From The New York Times, of all unlikely places, comes a story that pricks a pin into the inflated pretensions of educrats, columnists and blathering business lobbyists who sneer at opponents of Common Core as if the opponents are buck-toothed yahoos rather than the collection of think tankers, well-educated parents and eminent educators that they are.
Again and again, it is Common Core supporters who offer sheer vapidity, devoid of specifics, while well-informed opponents offer detailed explanations of their objections. Among those multitudinous objections, none is as frequent as the serious complaints about the specific content of the standards for mathematics, which completely upend traditional methods of instruction and learning.
Rather than asking students to memorize the most basic single-digit equations and then add or subtract in columns (the standard way), Core standards require students to use an oft-bewildering, multistep process usually involving a series of dots, lines, squares and cubes.
Supposedly, this method promotes “critical thinking.” But as the Times reported Sunday in an article specifically focusing on Louisiana students and parents, it just as often promotes confusion, frustration, anger and a crushing aversion to the entire subject of math.
“To make a student feel like they’re not good at math because they can’t explain something that to them seems incredibly obvious clearly isn’t good for the student,” W. Stephen Wilson, a math professor at Johns Hopkins University, said to the Times.
This is the nub of the issue. As just about everybody knows both intuitively and from observational logic, and as studies too numerous to list have demonstrated, different children learn in all sorts of different ways. For the Common Core standards to insist on only this one method — and a laborious one at that, which is largely unfamiliar to an overwhelming majority of Americans — is to use American students as guinea pigs for a theory of instruction that, while well researched, remains extremely controversial in the education community itself.
I see nothing wrong — indeed, everything right — with asking teachers to learn the dots-lines-squares method of teaching as a way to reach and engage children who are having difficulty with the traditional method. Likewise, students who quickly master the traditional method and who show an aptitude for “critical thinking” should be introduced to the Core’s system as a way to broaden their understanding. But to jettison traditional arithmetic for this alien mode of instruction is downright foolish.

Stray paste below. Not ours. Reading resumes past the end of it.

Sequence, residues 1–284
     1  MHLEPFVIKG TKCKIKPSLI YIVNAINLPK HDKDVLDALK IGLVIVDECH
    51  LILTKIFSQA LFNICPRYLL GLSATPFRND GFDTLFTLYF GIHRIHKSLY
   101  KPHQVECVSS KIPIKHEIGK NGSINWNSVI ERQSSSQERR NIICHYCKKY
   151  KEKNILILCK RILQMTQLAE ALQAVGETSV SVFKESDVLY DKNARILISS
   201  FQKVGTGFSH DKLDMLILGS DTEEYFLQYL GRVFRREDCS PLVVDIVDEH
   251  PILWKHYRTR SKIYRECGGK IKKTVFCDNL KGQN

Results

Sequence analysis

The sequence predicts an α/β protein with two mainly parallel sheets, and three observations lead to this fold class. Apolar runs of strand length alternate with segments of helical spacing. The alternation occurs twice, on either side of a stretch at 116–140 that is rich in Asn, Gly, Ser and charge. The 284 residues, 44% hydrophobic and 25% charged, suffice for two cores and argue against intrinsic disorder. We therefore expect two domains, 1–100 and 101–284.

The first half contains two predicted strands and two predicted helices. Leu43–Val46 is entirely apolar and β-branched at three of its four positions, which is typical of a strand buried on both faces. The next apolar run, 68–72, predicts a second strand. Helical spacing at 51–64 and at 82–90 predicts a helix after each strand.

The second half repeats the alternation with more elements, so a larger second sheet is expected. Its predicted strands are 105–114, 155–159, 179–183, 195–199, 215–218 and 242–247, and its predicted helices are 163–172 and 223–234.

It’s even worse when translated into and applied by textbook or workbook publishers who have no real clue what they are doing. Examples on the Internet are a legion of absolutely indecipherable, nonsensical or flat-out incorrect arithmetic problems offered in so-called “Core-aligned” workbooks or tests endorsed and adopted by various school boards rushing to get under the Common Core umbrella. (Hint: Google “Michelle Malkin Common Core” and you’ll find a host of infuriating examples.)
And the idiotically fuzzy math is only one of the problems with Common Core. As I have noted elsewhere, Common Core also drops all reference to the teaching of cursive (“script” as opposed to “print”) writing, even as uncontradicted scholarship increasingly shows that the very process of writing in longhand develops useful parts of the brain that otherwise lie fallow. Plenty of other content-specific objections are in play as well, along with quite reasonable concerns about moral and ideological agendas being pushed through “exemplars” of texts officially included as part of the Core’s index.
That is why one need not decide who has the best legal case in the battle over the Core being fought between Bobby Jindal and state school Superintendent John White. White, along with BESE Board Chairman Chas Roemer, may be well-motivated, but their support for Common Core relies on some extraordinarily faulty critical thinking.
New Orleans native Quin Hillyer is a contributing editor for National Review. You can follow him on Twitter, @QuinHillyer. His email address is email@example.com, and he blogs at blogs. theadvocate.com/quin-essential.